Whereaboooots: Pachigam
Moooood: depresseddepressed
Tuuuuune: Kate Rusby: A rose in April
Discussion: 2 contributions | Contribute something
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hairyears: default
From:hairyears
Date:September 10th, 2008 08:10 am (UTC)
18 hours after journal entry, 09:10 am (hairyears's time)
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The Palin story is a media circus generating a steady stream of manufactured stories - most of them pre-written as press-packs for lazy journalists and distributed in hostile 'briefings' by the PR teams of various political and religious factions.

By contrast, reporting the war in Afghanistan and it's overspill into Pakistan requires travel and a reporter on the scene in a difficult and dangerous (and expensive!) place. It is very difficult to operate in this kind of war zone without becoming an 'embedded reporter', surrounded by US troops and seeing only the things that your handlers permit you to see... Much of which will be repetitive and dull, calculated to induce in the readers and viewers 'back home' a surreal sense that the war is a distant and remote affair, not just geographically, but politically and emotionally. Hence the strange lack of media and political engagement with a war that involves a quarter of our armed forces and which is, by some measures, well beyond the low-intensity warfare of an insurgency: there's no big set-piece battles like (say) the Tet offensive but there are hundreds and hundreds of smaller raids and skirmishes and ambushes. But a journalist would need to know that, and would need to report it with some kind of analysis - difficult when you can't name any of the major players, can't interview them, don't know their agenda and - critically - are too lazy to find out and wearily aware that anything you ever did send back will be spiked by an editor with a political agenda of his own and a mission to fill the gaps between the adverts with celebrity gossip.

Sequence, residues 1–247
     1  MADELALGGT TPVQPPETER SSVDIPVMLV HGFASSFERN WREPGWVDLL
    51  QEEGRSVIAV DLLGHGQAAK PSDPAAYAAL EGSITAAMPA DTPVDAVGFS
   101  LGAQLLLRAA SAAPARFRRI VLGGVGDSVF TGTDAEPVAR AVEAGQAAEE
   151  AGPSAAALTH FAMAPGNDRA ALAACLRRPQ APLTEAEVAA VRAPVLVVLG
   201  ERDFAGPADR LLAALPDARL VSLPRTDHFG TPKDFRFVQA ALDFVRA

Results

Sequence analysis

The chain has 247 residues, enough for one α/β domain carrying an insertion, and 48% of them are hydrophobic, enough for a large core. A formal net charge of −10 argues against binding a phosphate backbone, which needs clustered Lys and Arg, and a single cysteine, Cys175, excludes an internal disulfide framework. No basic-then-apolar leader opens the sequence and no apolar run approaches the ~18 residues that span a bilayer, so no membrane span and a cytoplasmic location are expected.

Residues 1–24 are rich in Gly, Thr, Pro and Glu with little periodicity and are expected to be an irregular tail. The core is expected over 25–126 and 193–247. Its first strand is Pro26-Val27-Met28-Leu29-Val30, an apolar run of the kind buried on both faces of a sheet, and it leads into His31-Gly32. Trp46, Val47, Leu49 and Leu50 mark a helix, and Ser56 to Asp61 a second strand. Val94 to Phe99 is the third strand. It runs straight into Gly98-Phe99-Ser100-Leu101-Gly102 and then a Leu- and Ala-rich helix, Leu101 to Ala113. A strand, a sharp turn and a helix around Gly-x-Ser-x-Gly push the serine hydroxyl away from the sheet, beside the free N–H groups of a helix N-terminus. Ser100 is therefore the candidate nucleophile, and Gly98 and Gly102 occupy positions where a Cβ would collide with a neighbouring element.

For what it's worth, the war in Afghanistan has always been about Pakistan - both the Tribal Areas on the Frontier, which have been a lawless safe haven for the Taliban; and Islamabad, with a government and its self-financing intelligence service that largely created the Taliban and fomented the chaos in it's neighbour to the West... And are quietly supporting insurgencies in their neighbour to the South-East, too.

The problem is that Pakistan is collapsing: extremists are gaining the upper hand and rendering the country ungovernable, the army is no longer capable of ruling or even controlling the country, the economy is is in free-fall and there is no civic society capable of keeping things going. So the whole country is becoming it's own North-West Frontier... A worrying thought in a Nuclear power and military ally of China, engaged in a major insurgency on two fronts and in a state of cease-fire (but not peace) in it's armed conflict with India.

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pointilliste: Svendsen neurons and astrocytes
From:pointilliste
Date:September 17th, 2008 01:41 am (UTC)
7 days after journal entry, 12:41 pm (pointilliste's time)
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Thanks for the review. I've been wondering where to start with Salman Rushdie, and this seems like a good spot to jump in.